Levee deposits are fine sand, silt, and clay deposited along the margins of the channels, when decelerating water rich in suspended sediment spills over the banks during flood stage. Crevasse splays are formed when local breaches in the levees funnel floodwater into near-channel parts of the flood plain. These sediments tend to be highly heterogeneous, composed of:

  • Sand of variable size
  • Plant debris
  • Mud clasts

Flood-basin deposits are broad, clay-rich sediments that have been reworked by:

  • Burrowing animals
  • Plant growth
  • Pedogenic (soil-forming) processes

Delta systems form when a river transporting sediment enters a standing body of water, commonly an ocean or a lake, and consist of both fluvial and marine sediments. The depositional architecture of a delta system is characteristically progradational and may fill a small basin. The combination of fluvial and marine processes creates a unique facies assemblage and reservoir architecture. Deltaic sediments are deposited as:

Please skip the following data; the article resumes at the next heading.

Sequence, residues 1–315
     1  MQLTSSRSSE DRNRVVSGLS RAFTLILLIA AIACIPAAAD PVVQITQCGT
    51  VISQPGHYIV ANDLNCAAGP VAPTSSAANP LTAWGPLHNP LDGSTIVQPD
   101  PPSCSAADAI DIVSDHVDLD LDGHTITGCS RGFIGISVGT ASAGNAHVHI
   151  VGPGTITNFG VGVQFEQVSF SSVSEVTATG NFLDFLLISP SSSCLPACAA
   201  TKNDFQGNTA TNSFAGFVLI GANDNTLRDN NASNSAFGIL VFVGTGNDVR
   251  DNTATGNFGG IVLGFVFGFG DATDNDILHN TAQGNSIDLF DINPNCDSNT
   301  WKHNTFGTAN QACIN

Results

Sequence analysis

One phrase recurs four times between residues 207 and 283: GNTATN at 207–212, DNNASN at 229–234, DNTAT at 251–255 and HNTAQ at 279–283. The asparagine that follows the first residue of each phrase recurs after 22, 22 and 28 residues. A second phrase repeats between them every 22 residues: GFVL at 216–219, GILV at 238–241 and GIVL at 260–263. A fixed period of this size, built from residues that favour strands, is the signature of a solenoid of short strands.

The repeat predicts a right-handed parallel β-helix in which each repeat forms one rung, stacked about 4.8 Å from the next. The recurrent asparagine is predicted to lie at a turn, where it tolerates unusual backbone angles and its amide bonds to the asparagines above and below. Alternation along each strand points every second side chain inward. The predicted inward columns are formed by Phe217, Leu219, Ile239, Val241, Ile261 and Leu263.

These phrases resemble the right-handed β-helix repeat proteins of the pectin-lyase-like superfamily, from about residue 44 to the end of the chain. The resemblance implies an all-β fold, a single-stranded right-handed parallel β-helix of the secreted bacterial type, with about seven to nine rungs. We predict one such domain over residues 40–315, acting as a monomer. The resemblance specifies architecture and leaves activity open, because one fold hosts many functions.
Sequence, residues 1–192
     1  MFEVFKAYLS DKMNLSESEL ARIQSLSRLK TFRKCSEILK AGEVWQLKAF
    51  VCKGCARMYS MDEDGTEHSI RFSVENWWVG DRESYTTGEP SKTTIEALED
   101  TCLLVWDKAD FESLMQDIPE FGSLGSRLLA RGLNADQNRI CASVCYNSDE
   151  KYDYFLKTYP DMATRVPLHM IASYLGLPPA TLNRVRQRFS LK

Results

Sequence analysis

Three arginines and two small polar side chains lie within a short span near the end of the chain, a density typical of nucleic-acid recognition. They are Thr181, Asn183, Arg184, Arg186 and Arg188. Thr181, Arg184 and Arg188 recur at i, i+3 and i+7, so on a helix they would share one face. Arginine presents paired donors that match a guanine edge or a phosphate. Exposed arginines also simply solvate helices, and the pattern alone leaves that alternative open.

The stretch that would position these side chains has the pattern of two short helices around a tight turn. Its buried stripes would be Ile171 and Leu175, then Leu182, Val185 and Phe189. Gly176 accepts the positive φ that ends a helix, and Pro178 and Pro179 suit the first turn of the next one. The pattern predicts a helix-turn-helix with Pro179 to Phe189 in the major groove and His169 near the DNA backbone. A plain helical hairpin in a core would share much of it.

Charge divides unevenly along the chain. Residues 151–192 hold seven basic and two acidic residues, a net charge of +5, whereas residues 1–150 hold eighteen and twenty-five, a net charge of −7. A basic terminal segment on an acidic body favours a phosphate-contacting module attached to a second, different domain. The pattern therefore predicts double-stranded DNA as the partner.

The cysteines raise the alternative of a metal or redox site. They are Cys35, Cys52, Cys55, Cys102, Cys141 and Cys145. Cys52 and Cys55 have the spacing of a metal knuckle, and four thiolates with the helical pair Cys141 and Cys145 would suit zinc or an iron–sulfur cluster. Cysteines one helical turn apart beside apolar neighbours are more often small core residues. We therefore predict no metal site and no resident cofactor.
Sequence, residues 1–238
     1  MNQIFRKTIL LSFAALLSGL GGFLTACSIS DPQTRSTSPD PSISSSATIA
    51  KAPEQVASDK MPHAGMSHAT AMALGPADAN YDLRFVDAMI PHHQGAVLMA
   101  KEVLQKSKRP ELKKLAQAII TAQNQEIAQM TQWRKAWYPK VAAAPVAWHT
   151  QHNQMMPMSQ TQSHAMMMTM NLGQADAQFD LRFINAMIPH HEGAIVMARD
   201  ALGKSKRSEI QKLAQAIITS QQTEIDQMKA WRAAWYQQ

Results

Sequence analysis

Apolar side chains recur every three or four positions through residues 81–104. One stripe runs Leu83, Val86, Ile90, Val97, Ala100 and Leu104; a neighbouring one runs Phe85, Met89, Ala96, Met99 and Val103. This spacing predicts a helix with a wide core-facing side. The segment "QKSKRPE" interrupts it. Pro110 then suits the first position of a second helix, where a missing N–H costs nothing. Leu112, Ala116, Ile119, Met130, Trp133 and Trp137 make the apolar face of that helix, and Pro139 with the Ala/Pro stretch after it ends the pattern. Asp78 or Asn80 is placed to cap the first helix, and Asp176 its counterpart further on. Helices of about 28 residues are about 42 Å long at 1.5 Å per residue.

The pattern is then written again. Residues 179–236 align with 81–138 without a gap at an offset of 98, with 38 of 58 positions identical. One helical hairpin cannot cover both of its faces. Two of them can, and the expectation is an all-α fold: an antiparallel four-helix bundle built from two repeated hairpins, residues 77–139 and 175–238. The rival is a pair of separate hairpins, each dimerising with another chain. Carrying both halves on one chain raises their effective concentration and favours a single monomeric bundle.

• Channel fills
  • Channel-mouth sands
  • Crevasse splays
  • Delta-margin sand sheets

Together, these facies compose a delta lobe, which is a fundamental building block of a delta system. Delta systems are divided according to major energy type into:

  • Fluvial-dominated deltas
  • Wave-dominated deltas
  • Tidal-dominated deltas

Each system has a unique depositional architecture.

Shore-zone systems, excluding deltas, compose a narrow transitional environment that extends from wave base (≈50 ft of water) to the seaward edge of the alluvial coastal plain. They include the following facies:

  • Shoreface
  • Beach
  • Barrier
  • Lagoon
  • Tidal-flat